Yes. The main character was interesting and there were so many details that one could miss in the first listen. I liked that even though her supposed peers were very opinionated, she questioned everything they said. She has a secret that isn't revealed until much later in the story.
Her voice and the midwestern accent that came across.
Cora. I would like to ask her how she was able to come to terms with the hand she was dealt in life and her marriage. I would also like to know why she was so interested in Louise Brooks, who seem spoiled and obnoxious. I am not sure if the story she told about her childhood was real or made up, she was an actress and I think she may have told Cora that story to gain her sympathy. Although if it was true, it would explain why she was so careless of her own wellbeing. Very complex issues for the time and setting.
This story had a lot of surprises in it as well as a well thought out ending.
This is one of my favorite audiobooks this year. I found it on the Audible "book duel" thingy that was going on several months back. Sometimes I read a book description and think "meh". That is the initial thought I had when I read the reviews for The Chaperone. The whole idea of writing fiction around a culturally significant personality irritates me for some reason. Like cheating, but I know that doesn't make much sense. And since I LOVED "A Good Hard Look", in which Flannery O'Connor has a part, I thought I would let my prejudice slide. And I am so glad I did. The story is absolutely enjoyable from beginning to end. Not so much about Louise Brooks, but about a good, solid, practical mid-western woman of the early 20th century whose life brings unexpected events that change her notions of what is expected and normal in being a "good" person. Thoroughly satisfying.
I would recommend this because it is a charming story about the development of a person through the life-course. Additionally, it is an updated lesson about truth-seeking.
Having watched her as "Cora" in "Downton Abbey" it was not a hard leap to imagine her as the "Cora" in this book. I thought she did a good job with the narration; she seemed a good choice. Her character differentiation was good, and her pacing was fine.
I thought the first part of the book was slow and somewhat staid. I was about to call it quits, but I'm glad I didn't. Once the story picked up speed, it became difficult to put down.
It was so slow I couldn't wait to turn it off.
Shallow and light.
I wouldn't have started in the first place.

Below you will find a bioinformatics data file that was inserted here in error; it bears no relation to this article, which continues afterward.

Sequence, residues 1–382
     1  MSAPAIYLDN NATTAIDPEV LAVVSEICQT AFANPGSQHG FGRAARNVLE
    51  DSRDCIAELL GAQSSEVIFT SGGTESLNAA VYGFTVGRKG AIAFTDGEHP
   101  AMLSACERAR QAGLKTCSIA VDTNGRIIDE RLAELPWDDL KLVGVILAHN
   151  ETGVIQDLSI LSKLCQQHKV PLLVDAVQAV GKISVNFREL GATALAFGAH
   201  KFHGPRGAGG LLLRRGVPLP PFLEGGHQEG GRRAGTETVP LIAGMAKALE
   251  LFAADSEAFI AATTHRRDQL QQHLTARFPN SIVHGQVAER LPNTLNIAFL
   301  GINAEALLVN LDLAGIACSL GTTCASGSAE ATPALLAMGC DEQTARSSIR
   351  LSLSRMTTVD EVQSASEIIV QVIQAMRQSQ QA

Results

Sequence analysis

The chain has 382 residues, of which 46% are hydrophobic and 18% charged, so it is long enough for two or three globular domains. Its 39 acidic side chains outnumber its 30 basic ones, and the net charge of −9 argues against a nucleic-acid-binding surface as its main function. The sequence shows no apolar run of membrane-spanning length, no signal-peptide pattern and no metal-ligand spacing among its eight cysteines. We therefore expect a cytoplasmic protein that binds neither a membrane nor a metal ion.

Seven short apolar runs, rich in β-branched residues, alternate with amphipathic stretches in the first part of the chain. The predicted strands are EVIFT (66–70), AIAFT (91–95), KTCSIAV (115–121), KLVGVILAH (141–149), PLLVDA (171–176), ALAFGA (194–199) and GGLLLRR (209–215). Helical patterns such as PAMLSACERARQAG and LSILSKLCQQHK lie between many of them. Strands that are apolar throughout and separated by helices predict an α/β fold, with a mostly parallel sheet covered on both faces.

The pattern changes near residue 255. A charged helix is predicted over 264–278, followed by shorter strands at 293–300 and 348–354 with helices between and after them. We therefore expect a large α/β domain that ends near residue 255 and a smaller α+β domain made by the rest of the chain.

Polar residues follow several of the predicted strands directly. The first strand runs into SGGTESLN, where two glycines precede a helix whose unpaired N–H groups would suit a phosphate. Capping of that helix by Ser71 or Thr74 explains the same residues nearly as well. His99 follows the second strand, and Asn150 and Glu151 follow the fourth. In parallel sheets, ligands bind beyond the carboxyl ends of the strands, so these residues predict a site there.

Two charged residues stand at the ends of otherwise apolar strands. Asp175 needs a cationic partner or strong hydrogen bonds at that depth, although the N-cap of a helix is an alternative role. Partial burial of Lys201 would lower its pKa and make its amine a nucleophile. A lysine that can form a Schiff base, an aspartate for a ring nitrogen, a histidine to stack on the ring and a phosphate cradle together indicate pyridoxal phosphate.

Maybe--if they liked fiction a lot.
I enjoyed the story of Louise Brooks, but found the fictional part frequently trite.
Louise in the drug store.
Could have been shorter.
This book took me to the innocent age of the 20s where perhaps things weren't so innocent. It was a great book with a few surprises. Very easy to listen to.
I liked Cora so much - her optimism, determination, wisdom and care for others.
I would have to give parts of the story away by mentioning the memorable moments.
I thought that the narration was very good however at times Cora sounded a bit to "Fargo"/country bumpkin.
I didn't want to listen to it all in one sitting - but I enjoyed getting back to it each day.
There were many... I think when Cora begins to see how she has learned from her exposure to Louise.
Ms. McGovern did a deluxe job of coloring all the characters.
Louise, of course. Why? I think she would be a hell-bending fun character to hang out with.
Laura Moriarty did a fantastic job of creating a cast of decent characters. By 'decent,' I mean people with human foibles who confront and deal with them in a ethically conscience manner.
After I finished the book, I missed Louise and Cora on my morning walks.
Thoughtful Real Characters
The chaperone herself, because she had to take her own character in hand, and decide consciously how she would think about things, evaluate things, and form her own, independent opinions. She was very admirable, and yet very real to the times.
Her accents were pretty spot on, and differentiated from character to character, making dialog very easy to follow. Good pace
Yes! The Chaperone is so wonderfully written and Elizabeth McGovern pulls you in with her wonderful storytelling and voice! I was totally absorbed and loved every minute of it.
The ending was superb! No regrets, no sorrow and her memories coming full circle peacefully back to riding the train to another destination was brilliant writing!
I could easily listen to this one again, and will.